A QDRO Dictates Division Of 401(K) Retirement Plans In Divorce
The Law Office of Gustavo E. Frances, P.A. help you to understand that how can follow the laws of equitable property distribution in a divorce case.
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Wednesday,
November 18, 2015.
posted in Divorce
A QDRO dictates division of 401(k) retirement plans in divorce

On behalf of The Law Office of Gustavo E. Frances, P.A.

The division of retirement benefits in a divorce is sometimes a difficult undertaking. In an equitable property distribution state, such as Florida, the assets acquired during the marriage are subject to equitable division by the family law court during a divorce. Equitable property division is based on the general idea of fairness. The statute sets forth certain considerations for a family court judge to consider when deciding what percentage of the marital assets shall be distributed to each party.

Some of the factors that must be considered are the long-term income potential of each spouse, the needs of any minor children, assets owned separately and several other facts tending to show the needs and financial capabilities of the parties. Retirement funds are generally treated as marital property. This means that such funds are subject to equitable distribution just like other assets acquired by either party during the marriage.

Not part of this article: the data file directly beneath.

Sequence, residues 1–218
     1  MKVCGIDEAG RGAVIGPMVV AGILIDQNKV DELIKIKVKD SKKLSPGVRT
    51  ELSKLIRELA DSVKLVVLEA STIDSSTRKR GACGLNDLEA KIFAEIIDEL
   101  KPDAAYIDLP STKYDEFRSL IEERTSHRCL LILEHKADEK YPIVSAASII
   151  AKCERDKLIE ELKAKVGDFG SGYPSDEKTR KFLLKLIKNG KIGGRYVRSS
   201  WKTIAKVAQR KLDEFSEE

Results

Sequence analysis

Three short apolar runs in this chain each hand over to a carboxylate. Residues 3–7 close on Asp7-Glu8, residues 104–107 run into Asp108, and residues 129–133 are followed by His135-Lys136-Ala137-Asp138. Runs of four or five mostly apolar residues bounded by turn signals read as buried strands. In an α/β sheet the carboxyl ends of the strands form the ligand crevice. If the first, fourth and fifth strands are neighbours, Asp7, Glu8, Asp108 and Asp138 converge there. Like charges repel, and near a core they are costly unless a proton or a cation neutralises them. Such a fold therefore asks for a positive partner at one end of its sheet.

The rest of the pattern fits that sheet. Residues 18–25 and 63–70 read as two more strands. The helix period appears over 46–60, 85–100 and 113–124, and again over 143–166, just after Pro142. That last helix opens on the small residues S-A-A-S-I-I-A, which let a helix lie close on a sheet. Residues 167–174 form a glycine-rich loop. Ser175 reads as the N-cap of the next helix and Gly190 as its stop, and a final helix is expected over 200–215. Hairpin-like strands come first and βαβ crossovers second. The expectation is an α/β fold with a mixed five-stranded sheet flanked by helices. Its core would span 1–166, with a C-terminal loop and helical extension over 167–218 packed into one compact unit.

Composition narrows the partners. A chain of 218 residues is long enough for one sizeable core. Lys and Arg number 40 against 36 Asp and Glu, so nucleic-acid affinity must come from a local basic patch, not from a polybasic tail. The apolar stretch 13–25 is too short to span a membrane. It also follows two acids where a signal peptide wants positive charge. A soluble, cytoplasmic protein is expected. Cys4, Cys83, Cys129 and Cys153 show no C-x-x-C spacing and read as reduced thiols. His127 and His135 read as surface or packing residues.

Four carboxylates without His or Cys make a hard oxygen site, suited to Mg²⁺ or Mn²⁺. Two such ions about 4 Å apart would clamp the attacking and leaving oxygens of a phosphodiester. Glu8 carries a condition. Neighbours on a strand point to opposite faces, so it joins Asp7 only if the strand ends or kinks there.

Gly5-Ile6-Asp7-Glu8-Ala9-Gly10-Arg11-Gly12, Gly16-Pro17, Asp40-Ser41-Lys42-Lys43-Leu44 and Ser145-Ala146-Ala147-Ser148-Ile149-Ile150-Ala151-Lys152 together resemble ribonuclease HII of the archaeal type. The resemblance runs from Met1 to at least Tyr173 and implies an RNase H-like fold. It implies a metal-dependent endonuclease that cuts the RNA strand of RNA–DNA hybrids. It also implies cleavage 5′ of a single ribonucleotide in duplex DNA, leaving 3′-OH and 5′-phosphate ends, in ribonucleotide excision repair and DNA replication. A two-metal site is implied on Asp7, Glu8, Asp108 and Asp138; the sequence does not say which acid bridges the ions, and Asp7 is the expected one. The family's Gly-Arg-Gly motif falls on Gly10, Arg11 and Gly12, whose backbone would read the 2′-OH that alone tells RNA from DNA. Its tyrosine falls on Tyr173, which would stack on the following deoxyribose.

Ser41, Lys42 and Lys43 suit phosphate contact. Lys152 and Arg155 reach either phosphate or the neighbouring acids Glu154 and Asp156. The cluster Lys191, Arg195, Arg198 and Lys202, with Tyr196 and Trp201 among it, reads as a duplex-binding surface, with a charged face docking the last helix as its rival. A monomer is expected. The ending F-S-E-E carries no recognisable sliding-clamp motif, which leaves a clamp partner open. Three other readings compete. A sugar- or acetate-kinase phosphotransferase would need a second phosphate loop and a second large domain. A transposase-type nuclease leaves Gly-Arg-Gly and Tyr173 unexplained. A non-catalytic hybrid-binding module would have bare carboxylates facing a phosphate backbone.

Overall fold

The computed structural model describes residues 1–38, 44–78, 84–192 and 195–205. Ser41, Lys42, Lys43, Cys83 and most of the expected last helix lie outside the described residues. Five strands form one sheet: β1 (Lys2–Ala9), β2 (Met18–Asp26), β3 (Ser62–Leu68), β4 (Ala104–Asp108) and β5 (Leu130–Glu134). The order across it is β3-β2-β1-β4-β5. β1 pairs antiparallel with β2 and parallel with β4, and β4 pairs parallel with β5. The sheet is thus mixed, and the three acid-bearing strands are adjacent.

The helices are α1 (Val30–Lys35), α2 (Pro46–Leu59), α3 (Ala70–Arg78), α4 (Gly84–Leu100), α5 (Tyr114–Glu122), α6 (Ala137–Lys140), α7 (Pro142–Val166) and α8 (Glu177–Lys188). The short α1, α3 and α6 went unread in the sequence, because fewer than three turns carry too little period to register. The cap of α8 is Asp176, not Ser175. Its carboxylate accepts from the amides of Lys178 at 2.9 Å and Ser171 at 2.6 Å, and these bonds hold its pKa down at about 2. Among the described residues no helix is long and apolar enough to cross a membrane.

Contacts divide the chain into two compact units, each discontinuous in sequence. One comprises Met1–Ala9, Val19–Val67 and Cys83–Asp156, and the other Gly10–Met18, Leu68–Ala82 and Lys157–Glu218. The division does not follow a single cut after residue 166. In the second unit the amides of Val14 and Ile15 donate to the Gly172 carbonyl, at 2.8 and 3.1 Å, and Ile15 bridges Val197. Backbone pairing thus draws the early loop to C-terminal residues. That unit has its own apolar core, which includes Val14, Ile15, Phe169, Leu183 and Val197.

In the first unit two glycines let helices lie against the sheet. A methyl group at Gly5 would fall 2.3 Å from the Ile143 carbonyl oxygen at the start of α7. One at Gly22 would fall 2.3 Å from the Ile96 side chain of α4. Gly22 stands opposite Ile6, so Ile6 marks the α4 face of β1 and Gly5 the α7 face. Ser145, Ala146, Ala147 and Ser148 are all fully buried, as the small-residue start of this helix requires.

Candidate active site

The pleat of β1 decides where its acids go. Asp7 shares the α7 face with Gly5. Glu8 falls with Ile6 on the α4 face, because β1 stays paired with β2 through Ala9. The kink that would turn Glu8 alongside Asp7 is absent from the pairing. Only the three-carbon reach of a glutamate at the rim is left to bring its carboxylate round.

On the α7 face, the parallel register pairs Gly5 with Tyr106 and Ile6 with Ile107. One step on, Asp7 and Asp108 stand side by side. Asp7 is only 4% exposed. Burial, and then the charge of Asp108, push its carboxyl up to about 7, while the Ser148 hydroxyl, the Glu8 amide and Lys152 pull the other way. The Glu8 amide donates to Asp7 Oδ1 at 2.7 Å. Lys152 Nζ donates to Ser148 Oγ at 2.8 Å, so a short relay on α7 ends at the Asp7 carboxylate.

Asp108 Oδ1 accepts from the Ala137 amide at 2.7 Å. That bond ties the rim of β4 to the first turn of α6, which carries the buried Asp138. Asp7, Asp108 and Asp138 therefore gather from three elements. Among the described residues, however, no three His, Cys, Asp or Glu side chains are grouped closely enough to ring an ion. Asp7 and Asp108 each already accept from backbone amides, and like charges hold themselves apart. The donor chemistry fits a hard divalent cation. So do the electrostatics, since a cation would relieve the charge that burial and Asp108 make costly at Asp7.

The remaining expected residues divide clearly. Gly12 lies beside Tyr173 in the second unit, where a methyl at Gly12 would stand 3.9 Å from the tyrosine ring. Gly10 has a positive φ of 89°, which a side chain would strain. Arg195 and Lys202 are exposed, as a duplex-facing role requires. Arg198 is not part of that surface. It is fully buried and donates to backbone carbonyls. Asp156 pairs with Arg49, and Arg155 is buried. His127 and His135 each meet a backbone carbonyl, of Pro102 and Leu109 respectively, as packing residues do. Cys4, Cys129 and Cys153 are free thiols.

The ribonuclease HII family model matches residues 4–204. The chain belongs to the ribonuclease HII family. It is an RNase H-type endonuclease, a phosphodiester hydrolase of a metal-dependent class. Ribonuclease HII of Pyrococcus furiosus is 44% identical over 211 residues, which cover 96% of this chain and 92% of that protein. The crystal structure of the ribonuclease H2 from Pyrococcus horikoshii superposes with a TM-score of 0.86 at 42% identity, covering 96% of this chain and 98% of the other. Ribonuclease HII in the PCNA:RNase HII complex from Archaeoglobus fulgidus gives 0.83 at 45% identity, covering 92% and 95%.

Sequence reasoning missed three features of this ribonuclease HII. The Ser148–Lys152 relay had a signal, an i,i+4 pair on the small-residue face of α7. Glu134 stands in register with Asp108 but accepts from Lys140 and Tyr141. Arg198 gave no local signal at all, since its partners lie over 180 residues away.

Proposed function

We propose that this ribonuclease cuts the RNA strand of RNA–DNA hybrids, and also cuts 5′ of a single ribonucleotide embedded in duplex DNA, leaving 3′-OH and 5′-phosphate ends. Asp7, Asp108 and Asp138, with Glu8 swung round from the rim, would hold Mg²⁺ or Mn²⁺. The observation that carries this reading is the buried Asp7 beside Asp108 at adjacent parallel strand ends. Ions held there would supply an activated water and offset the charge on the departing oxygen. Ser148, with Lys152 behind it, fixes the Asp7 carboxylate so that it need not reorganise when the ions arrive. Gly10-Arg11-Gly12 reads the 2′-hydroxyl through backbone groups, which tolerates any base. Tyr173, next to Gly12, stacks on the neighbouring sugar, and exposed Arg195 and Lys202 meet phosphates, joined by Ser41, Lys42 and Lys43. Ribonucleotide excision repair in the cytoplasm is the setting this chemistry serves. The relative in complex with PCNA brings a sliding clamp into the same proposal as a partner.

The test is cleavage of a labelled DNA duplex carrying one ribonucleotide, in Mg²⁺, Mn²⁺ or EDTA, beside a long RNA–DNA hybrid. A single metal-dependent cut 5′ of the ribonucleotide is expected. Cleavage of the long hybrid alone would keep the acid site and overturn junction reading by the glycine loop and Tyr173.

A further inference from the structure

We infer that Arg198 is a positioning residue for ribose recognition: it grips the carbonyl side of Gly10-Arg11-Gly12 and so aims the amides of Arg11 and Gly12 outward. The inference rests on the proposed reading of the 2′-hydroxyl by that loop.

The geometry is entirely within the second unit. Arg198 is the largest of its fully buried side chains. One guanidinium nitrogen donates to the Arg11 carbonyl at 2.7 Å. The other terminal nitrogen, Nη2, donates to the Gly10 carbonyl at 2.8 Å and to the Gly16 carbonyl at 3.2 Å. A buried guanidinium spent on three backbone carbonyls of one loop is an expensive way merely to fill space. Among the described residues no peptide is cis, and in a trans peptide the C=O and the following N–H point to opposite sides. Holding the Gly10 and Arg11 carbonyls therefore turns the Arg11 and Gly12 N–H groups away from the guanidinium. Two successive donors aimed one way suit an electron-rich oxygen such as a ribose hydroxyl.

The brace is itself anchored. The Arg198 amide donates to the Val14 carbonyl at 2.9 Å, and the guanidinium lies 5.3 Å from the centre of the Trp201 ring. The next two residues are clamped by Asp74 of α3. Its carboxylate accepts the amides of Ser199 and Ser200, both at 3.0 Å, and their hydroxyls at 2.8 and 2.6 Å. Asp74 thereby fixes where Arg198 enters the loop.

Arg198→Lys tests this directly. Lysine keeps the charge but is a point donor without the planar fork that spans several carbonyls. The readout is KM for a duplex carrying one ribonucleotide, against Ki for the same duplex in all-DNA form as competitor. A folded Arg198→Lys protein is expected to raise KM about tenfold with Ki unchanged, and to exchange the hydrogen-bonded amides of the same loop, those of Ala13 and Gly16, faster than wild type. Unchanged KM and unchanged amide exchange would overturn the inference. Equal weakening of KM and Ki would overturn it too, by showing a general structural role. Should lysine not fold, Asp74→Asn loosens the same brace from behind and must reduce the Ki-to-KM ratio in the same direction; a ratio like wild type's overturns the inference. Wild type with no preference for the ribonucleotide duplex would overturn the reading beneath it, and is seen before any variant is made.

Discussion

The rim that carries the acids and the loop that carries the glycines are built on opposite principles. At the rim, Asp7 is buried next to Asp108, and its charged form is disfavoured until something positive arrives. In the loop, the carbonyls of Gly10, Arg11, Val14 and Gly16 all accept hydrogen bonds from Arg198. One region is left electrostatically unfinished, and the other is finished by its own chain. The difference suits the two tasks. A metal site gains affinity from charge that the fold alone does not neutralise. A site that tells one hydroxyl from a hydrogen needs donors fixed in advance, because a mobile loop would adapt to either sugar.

When the divorcing parties agree on an overall distribution of the marital property, a property settlement agreement is usually drawn up and executed by them. With respect to 401(k) employee retirement plans, a settlement on the division of the retirement proceeds will be accompanied by a Qualified Domestic Relations Order. The QDRO is a court order that specifies the respective ownership rights of each party in the 401(k) plan.

The QDRO eliminates any taxes or penalties that may have been applicable with respect to early distributions of the plan. Each retirement plan or pension fund will require a separate QDRO. The finalized document is sent to the administrator of the plan so that the distributions will be made in accordance with the terms specified by the court. This is the procedural framework in Florida and in other states that follow the laws of equitable property distribution in a divorce case. However, in community property states, all marital assets are divided equally on a 50-50 basis.

Source:

Time, “Divorce: Who Gets Retirement Accounts?“, A. J. Smith, Nov. 16, 2015

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